Originally published October 11, 2010
Too often over the years IT has been accused of big spending without big results. And with the recession adding new financial pressures, it’s time for CIOs to stem the tide and demonstrate their fiscal responsibility. How did we get here and how do we fix it?
Howard Anderson, founder of The Yankee Group research firm and a senior lecturer at the MIT Sloan Entrepreneurship Center, places the responsibility squarely on CIOs. If they had not damaged their credibility by going “crazy for a while,” overstating the strategic value of IT and overspending on hardware and software, there would be less pressure to reform. Now, they are being reined in by CFOs and other top managers who want lower transaction costs and more innovation for the same or less money. “CIOs are clearly being told: ‘You are part of the administration, and you need to get more from your vendors,’ ” Anderson says.
At the same time, he acknowledges that line-of-business managers and departments are “running stealth operations,” bypassing CIOs when purchasing consumer IT products and Web-based services. “These are really a big management issues, not just cost issues” that have to be addressed, he says.
Taking Control of Costs
The need for substantial change — not just belt-tightening — is familiar to Albert Lee, CTO of Freelancers Union (non-profit) and Freelancers Insurance Company (for-profit). He says that CIOs are well aware of the economic environment and what they have to do. “In the current economy, everyone is paying close attention to spending,” says Lee. “There are no unlimited IT budgets; cost control is crucial,” he says.
Rather than working at odds, Lee says, IT should be partnering with corporate finance to discuss common goals and objectives as well as define acceptable risks. Only once those are decided, can IT can carry out its mission. “What will the business tolerate in terms of uptime?” he asks. For example, “If five 9's[99.999%] uptime guarantees are not necessary, IT spending can go down accordingly.” The same is true for the frequency of equipment upgrades, as well as security and storage requirements. “Finance [departments] need to understand the impact of spending less on IT,” Lee says. “Everyone must agree on what the acceptable risks are and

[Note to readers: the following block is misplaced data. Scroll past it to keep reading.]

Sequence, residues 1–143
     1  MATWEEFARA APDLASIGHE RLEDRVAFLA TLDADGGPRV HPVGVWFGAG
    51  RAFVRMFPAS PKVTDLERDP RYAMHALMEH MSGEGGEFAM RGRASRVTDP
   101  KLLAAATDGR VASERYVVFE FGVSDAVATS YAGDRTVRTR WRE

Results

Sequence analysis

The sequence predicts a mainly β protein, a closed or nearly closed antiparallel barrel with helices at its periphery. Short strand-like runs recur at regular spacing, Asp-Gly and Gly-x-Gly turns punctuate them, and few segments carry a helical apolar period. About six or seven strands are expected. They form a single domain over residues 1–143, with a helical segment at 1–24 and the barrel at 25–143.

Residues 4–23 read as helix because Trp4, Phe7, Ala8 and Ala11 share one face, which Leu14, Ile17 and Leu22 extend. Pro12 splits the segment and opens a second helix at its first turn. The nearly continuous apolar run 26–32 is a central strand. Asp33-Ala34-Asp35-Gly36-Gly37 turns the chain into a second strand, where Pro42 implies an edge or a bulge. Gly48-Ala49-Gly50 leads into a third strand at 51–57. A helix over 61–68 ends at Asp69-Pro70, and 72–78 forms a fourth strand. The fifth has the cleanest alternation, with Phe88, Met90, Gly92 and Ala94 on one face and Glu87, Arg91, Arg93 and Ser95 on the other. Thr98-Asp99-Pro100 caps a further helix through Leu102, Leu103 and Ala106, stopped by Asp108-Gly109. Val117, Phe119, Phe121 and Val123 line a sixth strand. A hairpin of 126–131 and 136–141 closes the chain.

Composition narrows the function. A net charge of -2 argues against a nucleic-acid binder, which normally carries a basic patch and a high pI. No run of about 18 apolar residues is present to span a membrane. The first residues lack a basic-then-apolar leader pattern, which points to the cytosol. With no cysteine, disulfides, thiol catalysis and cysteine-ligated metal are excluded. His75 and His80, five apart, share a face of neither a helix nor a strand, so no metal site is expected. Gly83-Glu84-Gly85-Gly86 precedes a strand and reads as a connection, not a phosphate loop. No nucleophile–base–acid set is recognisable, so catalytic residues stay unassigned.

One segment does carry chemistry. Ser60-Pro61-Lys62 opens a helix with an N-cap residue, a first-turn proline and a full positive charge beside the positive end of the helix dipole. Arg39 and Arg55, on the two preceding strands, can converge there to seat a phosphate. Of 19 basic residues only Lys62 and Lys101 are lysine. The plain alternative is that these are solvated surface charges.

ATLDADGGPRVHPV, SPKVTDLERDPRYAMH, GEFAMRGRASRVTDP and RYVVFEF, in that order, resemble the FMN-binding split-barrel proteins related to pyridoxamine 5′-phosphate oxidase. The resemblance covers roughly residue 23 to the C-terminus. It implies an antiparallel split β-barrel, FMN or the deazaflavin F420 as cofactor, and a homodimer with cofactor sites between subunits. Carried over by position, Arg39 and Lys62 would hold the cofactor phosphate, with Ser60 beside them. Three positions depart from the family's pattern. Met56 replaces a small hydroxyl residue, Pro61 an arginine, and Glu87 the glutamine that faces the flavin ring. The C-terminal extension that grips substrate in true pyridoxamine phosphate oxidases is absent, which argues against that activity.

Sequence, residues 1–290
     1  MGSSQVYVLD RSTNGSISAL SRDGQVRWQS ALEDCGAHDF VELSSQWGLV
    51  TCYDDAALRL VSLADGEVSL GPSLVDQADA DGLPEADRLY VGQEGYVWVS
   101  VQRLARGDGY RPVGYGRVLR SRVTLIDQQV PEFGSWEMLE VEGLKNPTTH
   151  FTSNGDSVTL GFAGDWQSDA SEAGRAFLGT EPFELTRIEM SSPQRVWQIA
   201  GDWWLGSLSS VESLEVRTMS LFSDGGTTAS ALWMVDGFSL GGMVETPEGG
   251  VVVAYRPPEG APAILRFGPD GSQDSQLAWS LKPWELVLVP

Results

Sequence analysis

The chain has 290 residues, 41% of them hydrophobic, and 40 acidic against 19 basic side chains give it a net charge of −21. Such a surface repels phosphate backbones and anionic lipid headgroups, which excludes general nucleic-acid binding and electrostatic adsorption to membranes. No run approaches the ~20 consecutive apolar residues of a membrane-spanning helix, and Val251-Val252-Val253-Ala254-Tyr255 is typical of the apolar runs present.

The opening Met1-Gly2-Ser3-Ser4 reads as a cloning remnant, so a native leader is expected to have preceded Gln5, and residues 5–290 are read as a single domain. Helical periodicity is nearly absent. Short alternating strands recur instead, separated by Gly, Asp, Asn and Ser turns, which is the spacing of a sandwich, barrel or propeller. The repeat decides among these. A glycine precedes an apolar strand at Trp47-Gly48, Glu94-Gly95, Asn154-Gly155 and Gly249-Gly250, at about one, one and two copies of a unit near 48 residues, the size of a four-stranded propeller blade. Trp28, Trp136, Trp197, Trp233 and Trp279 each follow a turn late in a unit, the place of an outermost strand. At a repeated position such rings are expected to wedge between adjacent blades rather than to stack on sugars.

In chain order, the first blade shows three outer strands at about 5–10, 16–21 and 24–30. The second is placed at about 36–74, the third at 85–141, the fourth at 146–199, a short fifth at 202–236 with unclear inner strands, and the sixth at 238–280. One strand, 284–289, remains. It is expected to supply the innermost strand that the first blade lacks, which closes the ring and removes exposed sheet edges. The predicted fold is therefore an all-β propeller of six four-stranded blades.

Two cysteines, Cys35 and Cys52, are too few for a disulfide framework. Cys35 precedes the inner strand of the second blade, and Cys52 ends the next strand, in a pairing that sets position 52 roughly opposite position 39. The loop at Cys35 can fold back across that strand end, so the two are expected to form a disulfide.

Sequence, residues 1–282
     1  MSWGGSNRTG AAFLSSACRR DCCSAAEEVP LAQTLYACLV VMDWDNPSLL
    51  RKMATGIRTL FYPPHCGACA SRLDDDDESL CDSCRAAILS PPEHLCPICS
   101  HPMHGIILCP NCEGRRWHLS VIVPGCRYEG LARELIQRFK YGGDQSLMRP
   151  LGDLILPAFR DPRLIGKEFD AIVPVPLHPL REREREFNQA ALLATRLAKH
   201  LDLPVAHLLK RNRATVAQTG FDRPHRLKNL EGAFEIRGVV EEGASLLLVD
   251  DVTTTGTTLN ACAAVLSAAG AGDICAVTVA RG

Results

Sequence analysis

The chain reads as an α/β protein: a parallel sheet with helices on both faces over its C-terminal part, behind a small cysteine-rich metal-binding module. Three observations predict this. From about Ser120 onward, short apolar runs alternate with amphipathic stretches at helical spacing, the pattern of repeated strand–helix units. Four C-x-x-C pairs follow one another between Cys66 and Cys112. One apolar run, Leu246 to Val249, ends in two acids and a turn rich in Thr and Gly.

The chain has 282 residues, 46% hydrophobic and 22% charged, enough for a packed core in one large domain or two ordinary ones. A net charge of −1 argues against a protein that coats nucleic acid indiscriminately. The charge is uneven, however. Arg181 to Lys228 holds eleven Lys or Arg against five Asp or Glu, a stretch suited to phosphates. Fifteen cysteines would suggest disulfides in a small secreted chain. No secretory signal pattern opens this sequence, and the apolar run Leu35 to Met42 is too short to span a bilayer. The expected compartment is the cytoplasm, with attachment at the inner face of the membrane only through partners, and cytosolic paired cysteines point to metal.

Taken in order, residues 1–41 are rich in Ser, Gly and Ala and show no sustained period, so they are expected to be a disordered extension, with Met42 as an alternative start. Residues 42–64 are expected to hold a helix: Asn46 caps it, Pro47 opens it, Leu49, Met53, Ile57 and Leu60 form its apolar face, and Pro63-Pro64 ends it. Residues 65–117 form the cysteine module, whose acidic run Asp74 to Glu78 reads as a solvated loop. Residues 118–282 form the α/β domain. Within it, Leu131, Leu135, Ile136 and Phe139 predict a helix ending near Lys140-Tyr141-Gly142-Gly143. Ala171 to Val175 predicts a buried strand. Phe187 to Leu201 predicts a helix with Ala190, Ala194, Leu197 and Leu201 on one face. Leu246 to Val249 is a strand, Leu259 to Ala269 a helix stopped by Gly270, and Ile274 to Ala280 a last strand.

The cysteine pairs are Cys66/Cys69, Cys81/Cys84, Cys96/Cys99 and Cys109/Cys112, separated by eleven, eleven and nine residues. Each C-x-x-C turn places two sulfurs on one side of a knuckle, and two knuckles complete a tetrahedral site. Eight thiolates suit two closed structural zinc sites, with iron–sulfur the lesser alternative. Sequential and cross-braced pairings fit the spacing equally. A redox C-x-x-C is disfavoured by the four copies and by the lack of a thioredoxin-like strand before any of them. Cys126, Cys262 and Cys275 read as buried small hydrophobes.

collaborate on the compromises to be made,” he says. These are decisions and tradeoffs he has to make every day.
Matthew Smith, managing director and CIO consultant at Harvey Nash Plc in the U.K., also sees reform and collaboration taking place between IT and the business. Smith, who regularly speaks with global CIOs at the recruitment and IT outsourcing firm, says that there is “real awareness [about] fiscal responsibility” and the need to mesh IT value and business objectives. To achieve this, CIOs must “create absolute transparency in terms of spending” so they can gain trust and make sure they have business sponsors for new efforts. “If you have a clear value proposition, IT becomes the business,” he says.
Many view widespread adoption of cloud computing and virtualization as the silver bullets that will tame server sprawl, overcapacity and runaway costs — but the jury is still out on the actual ROI for these new models.
According to the 2010 global CIO Survey conducted by Harvey Nash and PA Consulting Group, software as a service (SaaS) is gaining ground. It has become “more important” to 35 percent of more than 2,000 respondents this year overall. In Germany, adoption will spike to fully 83 percent of respondents, and in Scandinavia 42 percent of CIOs will be increasing their use of SaaS. Cloud computing is on the agenda for 51 percent of CIOs globally.
Nevertheless, Smith says there are caveats to cloud and on-demand models. “SaaS can enable the business to bypass IT,” he notes, “and while entry costs are lower, exit costs might be substantial. We don’t have five years of experience yet to know that.”
CTO Lee agrees that the new delivery models are not a panacea. While using cloud services will immediately lower capex spending, it won’t lower administrative costs, he says. “You still have to redesign your software to accommodate the new models, and there are hidden costs that make meaningful ROI difficult to show,” he says. At his shop, Lee says many IT resources are underutilized — making a “compelling case for the cloud.” Yet he knows that he can take steps to improve utilization in-house as well.
MIT’s Anderson is not very sympathetic to CIOs. “If cloud and virtualization can really lower costs in the short term,” he says, “why are CIOs moving so cautiously?” His view is that entrenched mindsets
and fear of losing clout are preventing some CIOs from moving ahead more aggressively with new platforms. To give them a nudge, he recommends financial incentives for CIOs who consolidate data centers and get rid of underutilized equipment. Establish clear metrics and then measure the results, Anderson says. “Better performance and ROI from virtualization should be immediate,” he says, and CIOs should be held accountable to achieve what they promise.
For Lee, there are lessons to be learned on both sides: “if business executives don't fully understand the value of IT, they will never want to invest in technology,” and the value won’t materialize, he says.
Accountability, it seems, has to flow upstream as well as down.